THAILAND is on high alert for the Zika virus as athletes and staff are set to travel to the Olympic Games in Brazil.
He said his committee had discussed preparations to protect Thai athletes and staff who will attend the Olympics in Rio de Janeiro in August.
"They should be advised about how to protect themselves," Narong said.
His panel plans to raise the issue with the Olympic Committee of Thailand.
Brazil is one of 58 countries and territories that have reported continuing transmission of Zika virus by mosquitoes to date. Zika can cause birth defects, including a devastating syndrome known as microcephaly in which babies are born with unusually small heads and brains.
According to Agence France-Presse, nearly 1,300 babies have been born in Brazil with the irreversible defect since Zika began circulating there last year.
Brazilian authorities have confirmed that the Olympics will be held in Rio in August, as scheduled. This is despite a petition to the World Health Organisation (WHO) signed by more than 100 prominent doctors and scientists, who called for the event to be postponed or moved to another city.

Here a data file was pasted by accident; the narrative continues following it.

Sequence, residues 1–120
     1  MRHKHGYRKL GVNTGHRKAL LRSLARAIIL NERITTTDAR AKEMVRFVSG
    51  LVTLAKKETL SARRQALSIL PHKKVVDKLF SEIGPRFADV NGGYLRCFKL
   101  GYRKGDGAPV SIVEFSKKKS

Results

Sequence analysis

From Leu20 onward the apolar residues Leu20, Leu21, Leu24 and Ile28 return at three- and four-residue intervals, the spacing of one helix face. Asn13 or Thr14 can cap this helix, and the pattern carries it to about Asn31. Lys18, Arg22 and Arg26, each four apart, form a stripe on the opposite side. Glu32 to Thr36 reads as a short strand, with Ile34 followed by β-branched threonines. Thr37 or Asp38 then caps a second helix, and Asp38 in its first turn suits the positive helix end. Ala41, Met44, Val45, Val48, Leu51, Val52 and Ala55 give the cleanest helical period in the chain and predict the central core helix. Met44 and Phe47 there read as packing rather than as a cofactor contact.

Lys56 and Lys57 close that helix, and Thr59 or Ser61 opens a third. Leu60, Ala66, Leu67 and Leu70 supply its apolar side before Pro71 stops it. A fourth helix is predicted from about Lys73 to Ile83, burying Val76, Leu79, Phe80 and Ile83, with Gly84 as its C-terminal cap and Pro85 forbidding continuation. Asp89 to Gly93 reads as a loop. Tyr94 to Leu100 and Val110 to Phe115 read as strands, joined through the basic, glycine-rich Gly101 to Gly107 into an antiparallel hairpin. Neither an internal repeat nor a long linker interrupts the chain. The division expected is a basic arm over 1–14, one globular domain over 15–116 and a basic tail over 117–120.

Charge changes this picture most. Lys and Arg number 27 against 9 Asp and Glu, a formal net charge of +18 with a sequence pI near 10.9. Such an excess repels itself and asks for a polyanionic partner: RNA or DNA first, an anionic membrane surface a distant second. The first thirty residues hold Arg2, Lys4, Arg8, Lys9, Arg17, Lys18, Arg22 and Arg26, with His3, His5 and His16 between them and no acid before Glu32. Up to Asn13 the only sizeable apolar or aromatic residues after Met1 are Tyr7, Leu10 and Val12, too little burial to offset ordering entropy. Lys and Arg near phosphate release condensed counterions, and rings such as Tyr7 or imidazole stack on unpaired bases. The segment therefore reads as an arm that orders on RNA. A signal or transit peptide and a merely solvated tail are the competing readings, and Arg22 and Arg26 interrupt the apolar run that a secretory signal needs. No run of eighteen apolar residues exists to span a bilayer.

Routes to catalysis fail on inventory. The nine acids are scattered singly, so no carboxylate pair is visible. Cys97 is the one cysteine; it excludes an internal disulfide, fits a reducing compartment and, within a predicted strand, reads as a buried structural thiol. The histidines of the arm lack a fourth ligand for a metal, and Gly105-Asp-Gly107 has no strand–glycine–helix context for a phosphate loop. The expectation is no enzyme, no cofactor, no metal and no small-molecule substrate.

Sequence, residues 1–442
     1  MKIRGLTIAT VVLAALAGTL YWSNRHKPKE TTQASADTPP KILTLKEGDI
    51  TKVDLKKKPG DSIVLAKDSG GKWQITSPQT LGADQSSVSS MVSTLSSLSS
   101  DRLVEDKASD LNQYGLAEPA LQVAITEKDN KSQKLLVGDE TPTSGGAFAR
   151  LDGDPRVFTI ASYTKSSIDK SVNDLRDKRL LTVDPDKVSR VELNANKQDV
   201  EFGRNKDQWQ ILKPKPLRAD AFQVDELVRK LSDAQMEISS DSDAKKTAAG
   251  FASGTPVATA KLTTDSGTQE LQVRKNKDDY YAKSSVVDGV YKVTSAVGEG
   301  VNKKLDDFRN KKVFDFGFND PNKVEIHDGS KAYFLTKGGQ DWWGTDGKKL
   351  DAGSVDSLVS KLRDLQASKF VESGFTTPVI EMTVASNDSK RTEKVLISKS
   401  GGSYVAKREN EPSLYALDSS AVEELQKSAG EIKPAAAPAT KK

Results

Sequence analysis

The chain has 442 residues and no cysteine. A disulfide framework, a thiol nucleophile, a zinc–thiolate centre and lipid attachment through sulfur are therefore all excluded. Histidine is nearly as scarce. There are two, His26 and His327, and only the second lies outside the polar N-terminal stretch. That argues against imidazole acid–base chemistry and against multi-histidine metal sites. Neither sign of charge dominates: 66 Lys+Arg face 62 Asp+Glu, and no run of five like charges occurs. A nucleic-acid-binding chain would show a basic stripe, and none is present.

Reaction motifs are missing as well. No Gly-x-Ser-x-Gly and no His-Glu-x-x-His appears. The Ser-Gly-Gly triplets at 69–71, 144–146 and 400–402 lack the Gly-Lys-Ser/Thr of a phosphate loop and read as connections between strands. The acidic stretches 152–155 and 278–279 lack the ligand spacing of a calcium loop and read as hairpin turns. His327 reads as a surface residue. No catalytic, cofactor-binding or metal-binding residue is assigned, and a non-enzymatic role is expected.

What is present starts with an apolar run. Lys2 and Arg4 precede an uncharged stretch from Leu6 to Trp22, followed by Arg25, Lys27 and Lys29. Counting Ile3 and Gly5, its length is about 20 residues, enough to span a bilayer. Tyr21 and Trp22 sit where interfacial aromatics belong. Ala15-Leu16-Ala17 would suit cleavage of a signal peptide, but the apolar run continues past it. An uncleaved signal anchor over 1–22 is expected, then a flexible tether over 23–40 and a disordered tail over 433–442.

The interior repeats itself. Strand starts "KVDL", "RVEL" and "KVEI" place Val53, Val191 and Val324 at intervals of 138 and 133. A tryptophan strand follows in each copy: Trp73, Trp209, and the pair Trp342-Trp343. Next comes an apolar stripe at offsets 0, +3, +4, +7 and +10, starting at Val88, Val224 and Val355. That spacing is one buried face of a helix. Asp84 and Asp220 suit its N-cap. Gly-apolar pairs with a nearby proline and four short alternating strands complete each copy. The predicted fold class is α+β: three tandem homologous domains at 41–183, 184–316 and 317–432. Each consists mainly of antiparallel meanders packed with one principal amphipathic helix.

Thai Disease Control Department director-general Dr Amnuay Gajeena said athletes would take preventive measures, such as by applying mosquito repellent power or cream.
"They will have to undergo health checks both before and after their Olympic Games trip," he said.
He believes that when the number of staff is included, it is likely that more than 100 Thais will head to Brazil for the huge sport event.
Asked about the situation in Thailand, Amnuay said eight villages in Udon Thani's Sang Com district were declared a "red zone" over the Zika threat because a man from the district was found to have contracted the virus. "His infection was diagnosed on May 22 while he was in Taiwan," he said. His office has stepped up moves to counter the disease in Udon.
Udon Thani public health chief Dr Smit Prasunnakarn said two pregnant women were found to have contracted the virus but showed no symptoms. "Ultrasound shows foetus development is normal. We will constantly monitor their conditions. Psychiatrists are also on hand," he said.
WHO has classified Thailand and the Philippines as countries with "sporadic transmission" of Zika, as opposed to most countries in South America and the Caribbean which have seen "increasing or widespread transmission." Indonesia, Malaysia, and Cambodia have not made the list. Singapore last month became the latest country in Asean to be hit by the virus while Vietnam reported its first cases in February.